>>Hence, under circumstances C, Possibly, the bulb shatters is true. What makes it true is the course- grainedness of C rather than anything that might be thought of as a constituent of B.<<

Your view seems close to that of the Opponent. Real possibility does not come into the picture at all. The shattering is either impossible or necessary. It is our ignorance of the exact circumstances that allows the illusion of possibility to arise.

But now I think my response to Opponent applies also to you.

>>Real possibility does not come into the picture at all.

Of course ‘real possibility’ comes into the picture! It just means something different from whatever you think it means. ‘It is possible that q, given p’ means that q is consistent with p. ‘It is necessary that q, given p’ means that ~q is inconsistent with p, and so on.

>>The shattering is either impossible or necessary.


Or possible, as noted.

G. Molnar puts Megaric Actualism like this:

MA. At time t an object x has the power to F iff x exercises the power to F at t.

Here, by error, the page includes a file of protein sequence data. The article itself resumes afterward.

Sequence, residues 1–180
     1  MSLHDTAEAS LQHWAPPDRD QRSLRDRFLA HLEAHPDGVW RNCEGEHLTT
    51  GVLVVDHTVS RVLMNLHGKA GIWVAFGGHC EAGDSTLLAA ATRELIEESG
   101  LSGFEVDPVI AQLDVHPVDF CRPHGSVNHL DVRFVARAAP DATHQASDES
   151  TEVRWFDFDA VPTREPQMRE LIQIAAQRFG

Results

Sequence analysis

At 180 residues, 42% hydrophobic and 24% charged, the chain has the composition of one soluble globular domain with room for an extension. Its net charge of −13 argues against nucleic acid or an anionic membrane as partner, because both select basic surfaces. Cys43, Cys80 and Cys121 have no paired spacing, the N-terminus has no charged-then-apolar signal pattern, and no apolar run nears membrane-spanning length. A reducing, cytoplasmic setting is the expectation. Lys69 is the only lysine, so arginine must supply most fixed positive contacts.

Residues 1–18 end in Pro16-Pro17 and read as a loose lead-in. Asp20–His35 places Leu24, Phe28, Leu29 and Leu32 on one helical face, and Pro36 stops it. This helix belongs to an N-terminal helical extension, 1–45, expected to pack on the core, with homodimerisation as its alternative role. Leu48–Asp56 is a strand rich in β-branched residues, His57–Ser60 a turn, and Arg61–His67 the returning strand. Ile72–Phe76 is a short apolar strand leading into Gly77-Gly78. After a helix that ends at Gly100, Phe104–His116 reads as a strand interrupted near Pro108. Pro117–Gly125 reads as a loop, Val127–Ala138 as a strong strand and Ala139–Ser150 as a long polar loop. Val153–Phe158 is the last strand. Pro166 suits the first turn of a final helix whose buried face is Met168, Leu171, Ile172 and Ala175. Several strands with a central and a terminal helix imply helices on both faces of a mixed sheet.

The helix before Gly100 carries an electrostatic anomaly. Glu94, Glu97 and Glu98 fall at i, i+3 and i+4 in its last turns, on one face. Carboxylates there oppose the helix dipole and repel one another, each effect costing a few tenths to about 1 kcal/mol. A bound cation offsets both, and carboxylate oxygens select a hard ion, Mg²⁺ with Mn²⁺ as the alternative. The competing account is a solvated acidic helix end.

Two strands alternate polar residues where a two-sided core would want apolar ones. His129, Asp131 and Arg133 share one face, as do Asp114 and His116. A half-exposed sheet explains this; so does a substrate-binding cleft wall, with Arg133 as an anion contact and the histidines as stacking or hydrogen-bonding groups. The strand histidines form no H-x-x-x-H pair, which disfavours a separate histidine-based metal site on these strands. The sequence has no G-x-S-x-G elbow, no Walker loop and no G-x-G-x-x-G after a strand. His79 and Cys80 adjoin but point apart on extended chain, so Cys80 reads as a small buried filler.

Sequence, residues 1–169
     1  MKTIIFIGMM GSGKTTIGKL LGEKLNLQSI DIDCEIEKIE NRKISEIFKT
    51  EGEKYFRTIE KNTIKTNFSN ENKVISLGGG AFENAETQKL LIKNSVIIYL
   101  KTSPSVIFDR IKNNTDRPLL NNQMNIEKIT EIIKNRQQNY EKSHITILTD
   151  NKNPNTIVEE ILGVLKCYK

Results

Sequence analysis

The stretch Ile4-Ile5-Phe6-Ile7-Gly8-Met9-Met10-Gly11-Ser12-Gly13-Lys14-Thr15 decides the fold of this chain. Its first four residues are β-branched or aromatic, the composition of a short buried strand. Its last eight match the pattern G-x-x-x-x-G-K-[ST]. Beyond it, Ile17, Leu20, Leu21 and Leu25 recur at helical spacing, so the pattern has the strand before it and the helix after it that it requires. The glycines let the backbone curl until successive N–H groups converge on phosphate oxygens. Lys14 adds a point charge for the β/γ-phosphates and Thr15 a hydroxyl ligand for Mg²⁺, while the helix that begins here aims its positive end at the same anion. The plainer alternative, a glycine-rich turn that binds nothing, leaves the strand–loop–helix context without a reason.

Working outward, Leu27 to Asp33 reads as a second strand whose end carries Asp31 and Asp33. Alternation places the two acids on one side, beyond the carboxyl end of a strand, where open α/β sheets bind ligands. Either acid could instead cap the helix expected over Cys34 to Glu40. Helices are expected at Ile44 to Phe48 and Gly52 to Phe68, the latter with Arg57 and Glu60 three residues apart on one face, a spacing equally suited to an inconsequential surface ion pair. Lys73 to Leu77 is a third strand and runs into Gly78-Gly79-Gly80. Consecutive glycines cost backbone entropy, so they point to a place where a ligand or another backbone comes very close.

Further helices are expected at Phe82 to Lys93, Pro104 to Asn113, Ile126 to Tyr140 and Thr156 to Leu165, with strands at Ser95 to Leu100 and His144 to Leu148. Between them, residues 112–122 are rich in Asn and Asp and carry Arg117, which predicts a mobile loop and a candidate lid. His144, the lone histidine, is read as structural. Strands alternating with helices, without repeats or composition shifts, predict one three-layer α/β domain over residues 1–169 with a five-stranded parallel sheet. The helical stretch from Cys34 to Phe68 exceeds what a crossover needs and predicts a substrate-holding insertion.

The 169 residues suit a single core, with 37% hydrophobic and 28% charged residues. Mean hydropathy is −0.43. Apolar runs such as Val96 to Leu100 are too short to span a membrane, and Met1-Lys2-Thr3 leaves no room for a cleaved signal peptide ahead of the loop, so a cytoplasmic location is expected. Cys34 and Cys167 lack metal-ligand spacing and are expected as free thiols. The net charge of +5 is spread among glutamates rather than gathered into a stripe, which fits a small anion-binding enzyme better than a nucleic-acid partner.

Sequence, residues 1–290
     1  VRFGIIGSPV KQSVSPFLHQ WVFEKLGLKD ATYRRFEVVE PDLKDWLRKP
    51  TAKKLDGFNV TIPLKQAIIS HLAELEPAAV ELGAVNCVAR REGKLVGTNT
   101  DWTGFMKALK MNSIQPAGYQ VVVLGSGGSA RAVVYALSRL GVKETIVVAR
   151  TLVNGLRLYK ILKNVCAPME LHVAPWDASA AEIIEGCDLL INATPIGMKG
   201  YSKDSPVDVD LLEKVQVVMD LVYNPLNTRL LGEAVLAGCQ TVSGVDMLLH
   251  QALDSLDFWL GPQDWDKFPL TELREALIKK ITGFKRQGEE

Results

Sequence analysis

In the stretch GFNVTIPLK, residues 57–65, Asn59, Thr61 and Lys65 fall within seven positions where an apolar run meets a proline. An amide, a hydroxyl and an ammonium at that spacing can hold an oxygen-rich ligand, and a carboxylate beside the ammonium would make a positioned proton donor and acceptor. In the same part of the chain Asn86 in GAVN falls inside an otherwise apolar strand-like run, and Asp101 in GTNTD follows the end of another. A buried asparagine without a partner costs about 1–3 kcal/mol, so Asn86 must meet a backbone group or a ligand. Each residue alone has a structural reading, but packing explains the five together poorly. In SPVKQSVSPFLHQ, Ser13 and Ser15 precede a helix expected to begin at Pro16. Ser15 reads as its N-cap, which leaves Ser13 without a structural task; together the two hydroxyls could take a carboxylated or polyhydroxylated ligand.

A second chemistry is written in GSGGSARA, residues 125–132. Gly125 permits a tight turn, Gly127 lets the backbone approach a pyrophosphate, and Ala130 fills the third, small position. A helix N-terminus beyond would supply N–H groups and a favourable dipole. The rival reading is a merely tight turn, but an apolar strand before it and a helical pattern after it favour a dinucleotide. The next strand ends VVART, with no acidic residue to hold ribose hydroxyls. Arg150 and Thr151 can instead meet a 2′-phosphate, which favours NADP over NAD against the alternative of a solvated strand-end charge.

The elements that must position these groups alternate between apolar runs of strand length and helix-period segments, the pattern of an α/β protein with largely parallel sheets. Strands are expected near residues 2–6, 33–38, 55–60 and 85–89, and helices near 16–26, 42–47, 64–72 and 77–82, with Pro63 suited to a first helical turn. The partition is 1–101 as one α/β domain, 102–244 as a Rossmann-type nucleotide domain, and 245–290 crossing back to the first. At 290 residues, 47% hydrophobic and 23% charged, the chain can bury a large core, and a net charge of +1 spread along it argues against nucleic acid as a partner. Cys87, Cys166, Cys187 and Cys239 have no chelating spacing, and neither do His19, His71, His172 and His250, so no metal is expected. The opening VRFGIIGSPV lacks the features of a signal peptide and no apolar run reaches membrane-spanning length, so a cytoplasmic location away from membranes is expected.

Please tell me whether you accept or reject (MA) and why. I would like to hear from both of you.

Ah right, Megarians say a thing can only do what it is actually doing. There is no inactive power.

Disagree. The example of the bent and straightened nail proves there is inactive weakness (active weakness would be the nail bending under the hammer). However this is perfectly consistent with the points I made above.

I'd say something like this: In so far as it is deterministic, the flux has no modality. 'Possible' and 'necessary' don't apply. From our human perspective, which partitions the flux into medium-sized objects, events, and circumstances, there is modality for the reason above of coarse-graining, it's just as real as the objects etc are, and, again from our perspective, the world is not deterministic. On top of this there is epistemic modality where we are ignorant of how the world is, even in the terms of our own perspective.

I read MA as can --> does and does --> can. I accept only the latter.